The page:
(Abstract) - An entrance into the inner spaces and an encounter with the landscapes and the attendant energetic intensities.
(Aphorism) - "The soul spins like the earth not realizing its own giddiness"
(Mythology) - "Spinning" and "giddiness" are part of the natural order of things. It is just that in participation in the external forms the resultant effect of disorientation or loss of bearings is normal. Eventually however, just as the rotation of the earth facilitates stability, so can the vicissitudes of human existence.
(Abstract) - The interactive dynamics of energetic components in a dance.
(Aphorism) - "The birth of the dying sun-rays makes a grave of the womb of the shifting sands"
(Mythology) - A sunset on the beach perceived from rolling sand-mounds. The sun-rays are "born" as seen through the sand-mounds thus giving the sense of the womb. They are, however, also dying, thus the womb is also the grave. In the final analysis the two are polarities of the same essence of ever-unfolding being and consciousness.
(Abstract) - A further introspection which results in a crossing over to a "cosmic view" which is at once overwhelming and strangely comforting.
(Aphorism) - "Recurrence recollects unnumbered repetitions"
(Mythology) - The aforementioned "ever-unfolding" is part of a very large universal process. As such, any evolving consciousness becomes increasingly aware of this process.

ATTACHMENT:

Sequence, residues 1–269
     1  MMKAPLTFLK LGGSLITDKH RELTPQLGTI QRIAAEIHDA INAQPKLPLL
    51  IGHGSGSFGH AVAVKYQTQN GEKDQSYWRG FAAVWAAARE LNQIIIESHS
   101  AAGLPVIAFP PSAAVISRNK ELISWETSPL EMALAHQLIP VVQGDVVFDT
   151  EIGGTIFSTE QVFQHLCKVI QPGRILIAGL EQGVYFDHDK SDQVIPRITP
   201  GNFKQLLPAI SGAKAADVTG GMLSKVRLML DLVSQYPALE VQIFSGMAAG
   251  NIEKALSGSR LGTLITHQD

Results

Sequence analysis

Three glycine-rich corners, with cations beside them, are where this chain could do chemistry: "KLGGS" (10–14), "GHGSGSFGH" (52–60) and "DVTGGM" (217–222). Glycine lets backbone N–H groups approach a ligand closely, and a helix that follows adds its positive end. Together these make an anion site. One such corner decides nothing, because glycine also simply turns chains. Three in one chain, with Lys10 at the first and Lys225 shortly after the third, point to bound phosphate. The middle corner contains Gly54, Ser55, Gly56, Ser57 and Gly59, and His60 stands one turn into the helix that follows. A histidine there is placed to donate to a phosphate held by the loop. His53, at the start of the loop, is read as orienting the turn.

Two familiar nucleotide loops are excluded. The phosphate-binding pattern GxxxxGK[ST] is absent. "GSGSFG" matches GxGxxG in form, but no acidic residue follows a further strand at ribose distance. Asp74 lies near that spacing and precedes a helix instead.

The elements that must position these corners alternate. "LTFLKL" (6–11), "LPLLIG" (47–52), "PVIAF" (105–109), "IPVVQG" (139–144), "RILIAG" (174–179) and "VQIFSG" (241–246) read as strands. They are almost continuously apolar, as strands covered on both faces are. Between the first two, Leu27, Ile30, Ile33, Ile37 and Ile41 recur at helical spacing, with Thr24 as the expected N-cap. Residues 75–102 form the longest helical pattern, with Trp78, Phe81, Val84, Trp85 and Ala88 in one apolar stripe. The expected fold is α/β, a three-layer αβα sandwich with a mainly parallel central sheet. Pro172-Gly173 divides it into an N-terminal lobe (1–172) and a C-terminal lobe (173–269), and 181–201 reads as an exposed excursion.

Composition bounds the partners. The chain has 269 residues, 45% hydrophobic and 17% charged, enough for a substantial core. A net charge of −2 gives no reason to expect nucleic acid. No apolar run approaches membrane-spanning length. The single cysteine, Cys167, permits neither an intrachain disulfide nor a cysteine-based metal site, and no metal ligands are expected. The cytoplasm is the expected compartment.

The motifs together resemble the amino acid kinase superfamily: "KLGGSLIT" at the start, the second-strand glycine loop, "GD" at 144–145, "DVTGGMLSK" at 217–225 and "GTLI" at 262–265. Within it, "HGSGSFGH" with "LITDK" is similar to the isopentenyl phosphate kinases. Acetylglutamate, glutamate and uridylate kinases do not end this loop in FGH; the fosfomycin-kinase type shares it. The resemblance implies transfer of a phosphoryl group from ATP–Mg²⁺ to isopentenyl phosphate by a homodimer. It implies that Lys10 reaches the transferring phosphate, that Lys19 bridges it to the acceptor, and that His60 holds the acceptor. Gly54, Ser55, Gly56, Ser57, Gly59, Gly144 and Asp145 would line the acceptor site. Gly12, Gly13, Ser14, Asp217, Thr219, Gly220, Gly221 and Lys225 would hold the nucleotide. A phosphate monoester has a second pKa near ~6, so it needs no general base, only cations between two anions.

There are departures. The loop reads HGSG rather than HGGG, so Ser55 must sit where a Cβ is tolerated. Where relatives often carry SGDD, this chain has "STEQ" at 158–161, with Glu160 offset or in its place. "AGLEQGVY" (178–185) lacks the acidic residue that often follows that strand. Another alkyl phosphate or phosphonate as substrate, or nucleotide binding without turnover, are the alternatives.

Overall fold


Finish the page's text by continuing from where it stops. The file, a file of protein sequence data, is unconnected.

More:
(Abstract) - Using strict serial techniques, a highly organized structure becomes a vessel for a "mystical rationality"
(Aphorism) - "Darkness descends on the deep waters"
(Mythology) - The vastness of the potential awareness of evolving consciousness yet the perception of limitation in a specific existential identity creates a darkness which at times obscures how far the deep waters go.
(Abstract) - The recurrent harmonic structure is based on the "wheel-like" character of the constituent stream of augmented-fifth chords as it supports an independent, idiosyncratic melody unfolding above it.
(Aphorism) - "Levels of ascension: Infinite refractions fabricating facets of the focus"
(Mythology) - Partial perceptions (refractions) contribute to an ever changing way of endless "sense-making" or "new definitions of meaning".
(Abstract) - A very high essential identity ascends even higher, before it descends to lower plains in both directions in order to encompass the whole and resolve in unity.
III) SONATINA ANGELICA
The title suggests the notion of sudden discovery, as “delivered by a messenger” (from the Greek “angelos”, meaning a messenger).
1) Lento: Meditative, with a brief contrapuntal mid-section.
2) Andante Fugato: Primarily contrapuntal throughout.
3) Quasi-Allegro: Waltz-like with an introspective ending.
IV) SUITE MNEMOSYNE *
* In Greek mythology, Mnemosyne (Memory) is the mother of the Muses.
This suite is an assembly of various sentiments and recollections spontaneously captured in a tonal and retro-respecting musical language. Noteworthy for me are #3 (Serenade) which came to me on a late afternoon in summer while standing in front of the sea on a Greek coast, and #5 (Chant: Sea of Dreams), which is in part a reference to the sea as it has recurrently appeared in various ways in my dreams.